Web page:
1 Answer | Add Yours
Linear relationships in the real world are pretty tricky. You almost always never have a truly linear relationship! But, usually, there are "linear regions" of these relationships that allow you to really simplify what's going on. Of course, too, when we talk about these slopes, we're assuming all other factors are held constant. So, let's talk about the slope.
If we're looking at a linear relationship with a positive slope, we're looking for two factors that correlate together. The easiest example for us would likely be the price-demand curve (demand line in basic macro). For example, if consumer demand doubles for Big Wheels, so will the price, more or less. As demand increases, price increases linearly.
If we want a negative slope, you could likely see easily that we could just flip from the price-demand curve to the price-supply curve. These two factors are inversely proportional, because if you add to one, you take away from the other. For example, if the de Beers company were to double the supply of diamonds in the world, the price of diamonds would drop proportionally. This is why they, and a couple of other major mining companies, control supply so tightly (near-constant demand + low supply = good profits)!
Now, let's look at some extreme cases that are harder to evaluate without deeper assumptions.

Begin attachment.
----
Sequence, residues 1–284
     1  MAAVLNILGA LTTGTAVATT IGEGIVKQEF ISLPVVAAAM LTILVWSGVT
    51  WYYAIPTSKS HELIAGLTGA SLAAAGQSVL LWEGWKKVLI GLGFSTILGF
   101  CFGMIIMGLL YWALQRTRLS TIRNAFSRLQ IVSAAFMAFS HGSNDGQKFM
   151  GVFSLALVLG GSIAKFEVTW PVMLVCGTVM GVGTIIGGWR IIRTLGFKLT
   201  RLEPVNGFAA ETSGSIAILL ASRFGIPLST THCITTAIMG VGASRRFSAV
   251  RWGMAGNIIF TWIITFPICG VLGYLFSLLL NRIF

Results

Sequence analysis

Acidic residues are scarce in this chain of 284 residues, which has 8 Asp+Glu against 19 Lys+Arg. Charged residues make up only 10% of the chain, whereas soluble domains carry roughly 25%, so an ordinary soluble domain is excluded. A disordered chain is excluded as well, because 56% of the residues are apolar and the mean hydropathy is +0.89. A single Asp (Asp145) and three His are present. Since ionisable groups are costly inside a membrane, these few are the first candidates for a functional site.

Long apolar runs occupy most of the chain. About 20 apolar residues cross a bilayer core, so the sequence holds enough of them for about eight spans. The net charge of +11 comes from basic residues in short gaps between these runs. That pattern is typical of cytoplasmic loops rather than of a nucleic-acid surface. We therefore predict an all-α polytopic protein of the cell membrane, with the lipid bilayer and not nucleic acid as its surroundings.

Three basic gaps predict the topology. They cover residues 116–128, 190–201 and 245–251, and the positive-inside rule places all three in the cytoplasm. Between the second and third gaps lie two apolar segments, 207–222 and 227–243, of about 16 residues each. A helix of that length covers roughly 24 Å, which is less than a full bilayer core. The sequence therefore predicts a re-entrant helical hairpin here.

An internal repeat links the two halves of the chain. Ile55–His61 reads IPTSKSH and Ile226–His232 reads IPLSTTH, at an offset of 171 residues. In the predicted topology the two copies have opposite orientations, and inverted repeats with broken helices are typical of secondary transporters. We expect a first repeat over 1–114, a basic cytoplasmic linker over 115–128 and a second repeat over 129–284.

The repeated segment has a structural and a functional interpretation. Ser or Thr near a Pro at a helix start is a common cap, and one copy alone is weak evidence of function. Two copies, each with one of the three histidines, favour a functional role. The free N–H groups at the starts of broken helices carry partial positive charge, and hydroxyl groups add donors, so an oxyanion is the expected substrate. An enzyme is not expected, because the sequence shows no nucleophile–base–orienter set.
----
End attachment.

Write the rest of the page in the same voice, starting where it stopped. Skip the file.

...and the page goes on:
In the zero-slope case, we're looking at something where there is no change as the result of another variable's change. The easiest case would be when you're considering two completely unrelated variables. More interesting cases are found when we look at price ceilings and price floors. In a price-ceiling situation, a company may charge no more than, say, $2.00 for a banana because of government regulation. No matter how many more millions of people come clamoring for bananas (demonstrating increased demand) the company may only charge $2.00.
The infinite slope case is the opposite, where a variable CANNOT change. It could actually just be a rotation of the zero slope case, but there are much more interesting examples. Here the best example would be a pure staple product (demand is totally inelastic), where no matter what the price of the product is, people will never change their demand for it. This is easily seen with products like gasoline, electricity, or water. Sure, there is certainly some variation in demand in the real world, but if we consider a theoretical staple, there would be no change in demand.
I hope that helps!
We’ve answered 319,811 questions. We can answer yours, too.Ask a question